A study of 212 rural elementary school teachers sought to determine the relationships among the variables of their general knowledge about asthma, attitude toward asthma, self-efficacy in helping children with asthma manage their asthma, and social support for initial management of children's asthma with the teachers' intent to manage children who present with signs and symptoms of asthma in the classroom. The situational variables of number of years teaching experience, number of children with asthma that teachers have had in their classroom during their teaching profession, and whether or not the teacher had asthma or knew of someone with asthma also were explored in relation to intent to manage asthma. Results indicate that although teachers had a favorable attitude toward asthma and were tolerant of students with asthma, their knowledge about asthma was low. Because asthma can be life-threatening, it is essential to assist those involved in monitoring and managing children with asthma to provide timely, appropriate care. In this way, the goal of having a child with asthma live as normal a life as possible, including all school activities, can be realized.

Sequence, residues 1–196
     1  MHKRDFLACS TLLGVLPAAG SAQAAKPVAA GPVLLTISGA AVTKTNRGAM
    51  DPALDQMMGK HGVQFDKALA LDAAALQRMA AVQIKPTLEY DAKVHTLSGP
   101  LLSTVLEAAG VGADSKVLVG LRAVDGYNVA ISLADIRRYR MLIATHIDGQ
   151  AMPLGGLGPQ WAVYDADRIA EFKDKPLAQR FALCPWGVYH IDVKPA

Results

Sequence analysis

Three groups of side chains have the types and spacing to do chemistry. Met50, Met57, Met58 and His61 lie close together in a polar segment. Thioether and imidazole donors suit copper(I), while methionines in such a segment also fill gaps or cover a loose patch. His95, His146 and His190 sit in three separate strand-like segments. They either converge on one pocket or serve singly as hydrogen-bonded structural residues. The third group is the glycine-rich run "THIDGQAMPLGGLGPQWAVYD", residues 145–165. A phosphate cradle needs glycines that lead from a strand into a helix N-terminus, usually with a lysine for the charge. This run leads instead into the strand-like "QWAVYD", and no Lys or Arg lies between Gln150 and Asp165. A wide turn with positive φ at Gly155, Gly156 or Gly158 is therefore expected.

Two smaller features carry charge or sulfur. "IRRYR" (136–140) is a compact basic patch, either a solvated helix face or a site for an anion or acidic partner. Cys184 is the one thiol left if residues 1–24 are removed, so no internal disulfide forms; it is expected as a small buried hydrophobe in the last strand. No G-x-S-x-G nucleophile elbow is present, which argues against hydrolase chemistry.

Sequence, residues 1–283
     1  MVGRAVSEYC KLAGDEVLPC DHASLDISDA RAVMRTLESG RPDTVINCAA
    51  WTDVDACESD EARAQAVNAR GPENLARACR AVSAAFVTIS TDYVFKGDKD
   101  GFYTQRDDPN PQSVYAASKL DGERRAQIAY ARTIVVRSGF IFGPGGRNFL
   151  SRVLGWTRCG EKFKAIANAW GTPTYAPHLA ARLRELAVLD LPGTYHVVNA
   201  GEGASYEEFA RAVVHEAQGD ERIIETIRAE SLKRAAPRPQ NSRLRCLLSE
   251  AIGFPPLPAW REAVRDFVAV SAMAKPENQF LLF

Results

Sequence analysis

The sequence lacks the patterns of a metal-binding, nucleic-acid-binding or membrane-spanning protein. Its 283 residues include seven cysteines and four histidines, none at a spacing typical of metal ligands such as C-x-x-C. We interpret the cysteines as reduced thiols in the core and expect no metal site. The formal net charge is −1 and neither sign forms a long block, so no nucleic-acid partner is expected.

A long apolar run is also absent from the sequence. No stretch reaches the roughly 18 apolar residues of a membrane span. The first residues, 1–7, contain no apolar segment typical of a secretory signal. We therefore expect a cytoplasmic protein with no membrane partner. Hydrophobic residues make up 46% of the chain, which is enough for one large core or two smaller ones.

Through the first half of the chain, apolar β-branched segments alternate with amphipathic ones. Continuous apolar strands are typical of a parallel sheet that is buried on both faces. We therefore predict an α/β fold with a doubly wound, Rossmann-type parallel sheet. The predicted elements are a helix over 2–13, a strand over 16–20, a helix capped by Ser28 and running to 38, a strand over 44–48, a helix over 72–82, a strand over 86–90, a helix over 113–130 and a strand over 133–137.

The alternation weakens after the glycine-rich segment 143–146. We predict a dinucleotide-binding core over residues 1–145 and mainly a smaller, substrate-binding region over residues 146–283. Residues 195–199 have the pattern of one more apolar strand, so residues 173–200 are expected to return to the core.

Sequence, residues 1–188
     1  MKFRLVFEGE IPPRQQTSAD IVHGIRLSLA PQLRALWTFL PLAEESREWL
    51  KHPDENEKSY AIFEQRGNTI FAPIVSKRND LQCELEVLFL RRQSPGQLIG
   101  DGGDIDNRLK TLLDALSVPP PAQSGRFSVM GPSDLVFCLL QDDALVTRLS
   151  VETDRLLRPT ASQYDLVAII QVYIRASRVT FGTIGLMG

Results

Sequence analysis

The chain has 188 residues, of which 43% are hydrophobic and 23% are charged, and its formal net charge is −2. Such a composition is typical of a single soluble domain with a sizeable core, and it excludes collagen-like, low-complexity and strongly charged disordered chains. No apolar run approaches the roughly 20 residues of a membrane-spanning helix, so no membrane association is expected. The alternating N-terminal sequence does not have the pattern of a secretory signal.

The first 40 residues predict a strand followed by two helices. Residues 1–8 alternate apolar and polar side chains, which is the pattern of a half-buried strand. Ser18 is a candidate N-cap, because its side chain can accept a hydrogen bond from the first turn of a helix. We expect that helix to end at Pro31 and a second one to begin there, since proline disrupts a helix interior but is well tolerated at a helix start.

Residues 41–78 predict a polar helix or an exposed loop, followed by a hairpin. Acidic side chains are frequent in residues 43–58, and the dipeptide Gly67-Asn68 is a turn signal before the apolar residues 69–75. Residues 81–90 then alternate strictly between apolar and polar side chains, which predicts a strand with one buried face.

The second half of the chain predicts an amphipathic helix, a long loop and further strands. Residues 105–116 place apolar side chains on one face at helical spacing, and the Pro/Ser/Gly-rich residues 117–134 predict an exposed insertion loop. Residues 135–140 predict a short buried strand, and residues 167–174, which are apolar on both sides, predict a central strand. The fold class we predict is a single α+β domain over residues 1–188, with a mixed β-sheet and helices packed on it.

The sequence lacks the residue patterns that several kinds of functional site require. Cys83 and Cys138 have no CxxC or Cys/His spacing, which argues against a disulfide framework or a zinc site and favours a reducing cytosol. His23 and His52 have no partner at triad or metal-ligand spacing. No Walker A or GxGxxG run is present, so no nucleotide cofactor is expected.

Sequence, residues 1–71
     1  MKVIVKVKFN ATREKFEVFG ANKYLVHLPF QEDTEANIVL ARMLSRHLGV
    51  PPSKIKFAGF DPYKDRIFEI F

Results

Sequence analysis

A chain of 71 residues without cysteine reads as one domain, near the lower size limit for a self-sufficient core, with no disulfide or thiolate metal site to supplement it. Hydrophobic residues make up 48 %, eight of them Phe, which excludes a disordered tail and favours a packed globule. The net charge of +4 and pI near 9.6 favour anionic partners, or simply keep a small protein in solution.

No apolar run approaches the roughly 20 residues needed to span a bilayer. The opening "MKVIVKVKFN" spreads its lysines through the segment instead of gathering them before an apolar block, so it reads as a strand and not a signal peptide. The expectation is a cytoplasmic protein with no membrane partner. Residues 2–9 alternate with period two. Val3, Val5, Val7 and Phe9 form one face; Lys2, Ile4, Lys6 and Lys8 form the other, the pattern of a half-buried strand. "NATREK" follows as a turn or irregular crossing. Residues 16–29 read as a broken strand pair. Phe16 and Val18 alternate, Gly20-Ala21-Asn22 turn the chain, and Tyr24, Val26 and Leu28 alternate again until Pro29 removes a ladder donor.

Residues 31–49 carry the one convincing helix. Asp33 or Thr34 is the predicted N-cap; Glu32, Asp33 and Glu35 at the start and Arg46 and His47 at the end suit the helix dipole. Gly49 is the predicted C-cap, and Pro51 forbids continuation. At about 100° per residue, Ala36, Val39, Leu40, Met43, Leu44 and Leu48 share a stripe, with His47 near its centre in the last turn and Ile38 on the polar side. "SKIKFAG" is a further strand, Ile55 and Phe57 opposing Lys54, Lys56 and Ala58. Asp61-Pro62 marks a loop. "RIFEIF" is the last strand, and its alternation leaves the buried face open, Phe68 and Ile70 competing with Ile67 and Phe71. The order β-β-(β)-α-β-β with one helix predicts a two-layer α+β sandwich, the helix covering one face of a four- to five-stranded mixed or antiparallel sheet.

|Original language||English (US)|
|Number of pages||9|
|State||Published - Jan 1 2003|
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